It’s been slightly over a year since I wrote the following post about not wanting to see product demos and I am somewhat amazed how controversial it was. But with a year of extra data I have a few new insights:
(1) Some people are personally offended that I don’t want to see their product demo. Somewhat akin to not wanting to see pictures of the grand kids. I understand that there is such pride in ownership, but recognize WHY I don’t want to see your demo, which is the next point.
(2) I ASSUME 100% that your product kicks ass. I assume that it is indeed the best in the category. That seems like a crazy assumption, but it quickly gets us past features and to your thinking as to WHY you will win. HOW you will win. What’ s the go-to-market, what’s working and what’s not. Quite frankly most companies win or lose on this part of the discussion not the latest UI innovation.
(3) Since you have already won the argument that you have the best product (in my mind), engaging in a further discussion on this topic can not possibly be of any benefit. Are you shooting for 110%?
One more related insight is around your pitch deck. Some people really don’t want to send it in advance. I find this puzzling – wouldn’t you want your audience to be familiar with the material in advance? I promise you I will read it in detail and the meeting will be a much more useful way to spend your time.
I find it a huge red flag when the CEO doesn’t want to send the deck before the meeting. It sort of says to me that there is something that is being hidden. Or that only with the voice over it will make any sense. Don’t get me wrong, I WANT TO MEET YOU. I want to learn about why you elected to change your life and start this company etc. But having it all be a surprise vs. allowing me to prepare seems like a bad idea.
I welcome your comments. Your demos, not so much…!
— (ORIGINAL POST BELOW) —
Being in the VC game now and not a start-up CEO, I am asked to speak at events frequently. If you have seen me speak you will know that I have two really big pet peeves.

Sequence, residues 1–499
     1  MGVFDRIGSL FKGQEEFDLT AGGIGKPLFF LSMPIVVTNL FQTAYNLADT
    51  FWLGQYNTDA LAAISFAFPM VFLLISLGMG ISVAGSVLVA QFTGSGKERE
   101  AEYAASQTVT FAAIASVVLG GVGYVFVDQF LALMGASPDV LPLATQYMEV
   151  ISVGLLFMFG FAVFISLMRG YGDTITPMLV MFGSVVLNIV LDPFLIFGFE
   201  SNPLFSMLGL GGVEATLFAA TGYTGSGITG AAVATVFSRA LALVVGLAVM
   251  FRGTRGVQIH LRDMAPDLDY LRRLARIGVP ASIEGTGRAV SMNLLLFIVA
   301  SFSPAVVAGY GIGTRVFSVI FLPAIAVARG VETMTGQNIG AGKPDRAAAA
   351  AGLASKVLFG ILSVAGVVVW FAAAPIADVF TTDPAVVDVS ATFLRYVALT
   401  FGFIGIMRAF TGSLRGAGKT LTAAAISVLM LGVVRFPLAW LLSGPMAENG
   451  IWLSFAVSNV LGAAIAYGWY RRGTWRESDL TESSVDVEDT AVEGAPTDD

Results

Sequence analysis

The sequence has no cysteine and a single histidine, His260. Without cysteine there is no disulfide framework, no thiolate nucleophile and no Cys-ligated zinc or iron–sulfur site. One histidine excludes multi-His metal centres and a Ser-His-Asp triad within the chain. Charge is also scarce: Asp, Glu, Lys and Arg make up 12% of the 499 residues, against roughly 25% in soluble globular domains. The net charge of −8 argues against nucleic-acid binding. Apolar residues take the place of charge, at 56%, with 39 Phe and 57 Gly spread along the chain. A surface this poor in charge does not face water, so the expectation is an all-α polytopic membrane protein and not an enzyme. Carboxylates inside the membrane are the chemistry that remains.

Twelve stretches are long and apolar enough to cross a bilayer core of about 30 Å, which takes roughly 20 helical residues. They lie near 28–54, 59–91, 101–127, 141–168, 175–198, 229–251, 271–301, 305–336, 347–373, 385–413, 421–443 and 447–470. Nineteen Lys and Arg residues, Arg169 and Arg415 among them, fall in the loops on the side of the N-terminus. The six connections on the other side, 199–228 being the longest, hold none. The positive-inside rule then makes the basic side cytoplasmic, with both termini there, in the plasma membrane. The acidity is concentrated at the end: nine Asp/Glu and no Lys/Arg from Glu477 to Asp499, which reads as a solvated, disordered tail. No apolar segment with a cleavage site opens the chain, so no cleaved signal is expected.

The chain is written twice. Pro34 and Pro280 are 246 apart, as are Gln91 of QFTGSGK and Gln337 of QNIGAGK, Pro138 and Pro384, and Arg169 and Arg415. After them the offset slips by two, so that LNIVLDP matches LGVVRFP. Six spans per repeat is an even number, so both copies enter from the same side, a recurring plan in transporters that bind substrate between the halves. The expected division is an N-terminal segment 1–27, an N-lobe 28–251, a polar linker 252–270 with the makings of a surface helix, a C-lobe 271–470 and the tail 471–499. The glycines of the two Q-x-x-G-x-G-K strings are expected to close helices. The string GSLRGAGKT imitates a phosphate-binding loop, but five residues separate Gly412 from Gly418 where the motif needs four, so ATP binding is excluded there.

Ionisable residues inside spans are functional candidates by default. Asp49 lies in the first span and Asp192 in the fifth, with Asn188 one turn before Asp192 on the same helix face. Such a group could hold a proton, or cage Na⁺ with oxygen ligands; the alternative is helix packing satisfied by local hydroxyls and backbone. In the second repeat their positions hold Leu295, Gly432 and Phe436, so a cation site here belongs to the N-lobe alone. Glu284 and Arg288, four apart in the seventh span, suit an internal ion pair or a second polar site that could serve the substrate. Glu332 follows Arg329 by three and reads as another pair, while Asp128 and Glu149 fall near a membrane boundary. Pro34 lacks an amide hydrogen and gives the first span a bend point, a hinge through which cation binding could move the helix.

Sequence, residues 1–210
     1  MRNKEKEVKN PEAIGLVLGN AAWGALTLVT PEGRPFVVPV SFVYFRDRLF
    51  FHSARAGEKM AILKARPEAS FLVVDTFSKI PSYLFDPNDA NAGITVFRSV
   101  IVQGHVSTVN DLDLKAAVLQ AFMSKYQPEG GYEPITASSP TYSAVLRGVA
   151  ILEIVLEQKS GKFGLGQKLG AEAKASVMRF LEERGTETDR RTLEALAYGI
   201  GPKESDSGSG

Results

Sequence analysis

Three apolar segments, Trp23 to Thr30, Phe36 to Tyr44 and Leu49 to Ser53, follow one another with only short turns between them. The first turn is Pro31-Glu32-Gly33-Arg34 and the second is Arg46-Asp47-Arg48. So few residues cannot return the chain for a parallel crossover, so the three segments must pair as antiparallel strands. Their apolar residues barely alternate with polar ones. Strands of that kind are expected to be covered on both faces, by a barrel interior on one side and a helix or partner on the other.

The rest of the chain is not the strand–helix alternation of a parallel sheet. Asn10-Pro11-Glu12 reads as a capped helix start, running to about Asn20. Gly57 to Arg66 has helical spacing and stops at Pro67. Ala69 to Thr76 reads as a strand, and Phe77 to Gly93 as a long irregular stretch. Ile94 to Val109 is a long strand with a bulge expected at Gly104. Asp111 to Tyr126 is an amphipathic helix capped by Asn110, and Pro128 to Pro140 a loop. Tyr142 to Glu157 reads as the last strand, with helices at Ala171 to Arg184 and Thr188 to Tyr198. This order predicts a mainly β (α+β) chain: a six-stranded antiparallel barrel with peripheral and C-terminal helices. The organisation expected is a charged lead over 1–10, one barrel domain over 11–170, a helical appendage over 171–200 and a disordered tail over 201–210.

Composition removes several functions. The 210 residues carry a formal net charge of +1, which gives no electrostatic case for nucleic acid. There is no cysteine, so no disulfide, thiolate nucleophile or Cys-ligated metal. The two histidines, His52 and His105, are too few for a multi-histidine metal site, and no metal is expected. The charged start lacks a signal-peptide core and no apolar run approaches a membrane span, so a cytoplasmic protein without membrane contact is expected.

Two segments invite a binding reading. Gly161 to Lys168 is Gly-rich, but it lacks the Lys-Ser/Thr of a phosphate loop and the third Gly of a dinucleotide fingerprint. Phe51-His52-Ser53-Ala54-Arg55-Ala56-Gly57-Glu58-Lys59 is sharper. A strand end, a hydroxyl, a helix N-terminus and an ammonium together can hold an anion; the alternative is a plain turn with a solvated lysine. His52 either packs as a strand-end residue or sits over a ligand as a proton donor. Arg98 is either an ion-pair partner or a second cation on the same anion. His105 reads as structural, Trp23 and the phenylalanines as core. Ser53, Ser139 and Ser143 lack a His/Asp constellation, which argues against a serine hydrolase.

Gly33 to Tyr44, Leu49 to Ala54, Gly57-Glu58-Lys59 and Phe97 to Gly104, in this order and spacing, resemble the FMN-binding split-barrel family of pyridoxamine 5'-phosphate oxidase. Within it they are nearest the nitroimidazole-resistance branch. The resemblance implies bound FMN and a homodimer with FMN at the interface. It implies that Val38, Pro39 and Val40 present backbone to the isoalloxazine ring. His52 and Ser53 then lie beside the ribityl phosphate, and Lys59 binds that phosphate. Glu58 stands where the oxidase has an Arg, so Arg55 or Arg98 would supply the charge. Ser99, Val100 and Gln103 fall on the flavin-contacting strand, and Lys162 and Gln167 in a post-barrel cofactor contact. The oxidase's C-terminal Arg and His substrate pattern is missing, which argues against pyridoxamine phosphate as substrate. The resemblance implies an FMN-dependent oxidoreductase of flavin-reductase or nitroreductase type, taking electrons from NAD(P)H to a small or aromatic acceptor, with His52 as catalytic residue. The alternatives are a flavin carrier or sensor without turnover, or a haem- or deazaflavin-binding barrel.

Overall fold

(1) No, I don’t want to see your demo. I really want to know:
– Who you are?
– Why you decided to dedicate your life to this crazy new venture?
– Who else is involved?
– How much money have you raised, and how much more do you need?
– How big can this be?
ONCE I have answers to that and understand what you are all about, then I might want to see the demo.
I don’t understand how the eco-system has gone to this approach of: “I don’t need slides, I can just do a demo, because the product is all that matters.” Nothing could be further from the truth. Early stage investing is all about the people and big markets.
(2) Related: Please don’t tell me that raising money is a waste of time.
I hear variants of the following all the time:
“I need to get back to the office to work on new product features.”
“Raising money is slowing the down the business and its a waste of my time”
“Raising money is taking my eye off the ball”
You are the CEO and therefore one of the most important parts of your job is ensuring that the company has enough runway to not go bust. That is just as important as any other task you have. If you don’t feel that way, then perhaps you should be the VP of Product and a CEO who cares about this should be raising the money?
Please recognize, I am not insulted by the fact that you thinking raising money is a waste of your time – i.e. that my ego is bruised and you don’t respect me or my profession. I don’t care about that. But what I do care about, going back to point (1) is that you have identified yourself as a person that is perhaps not in this for the right reasons!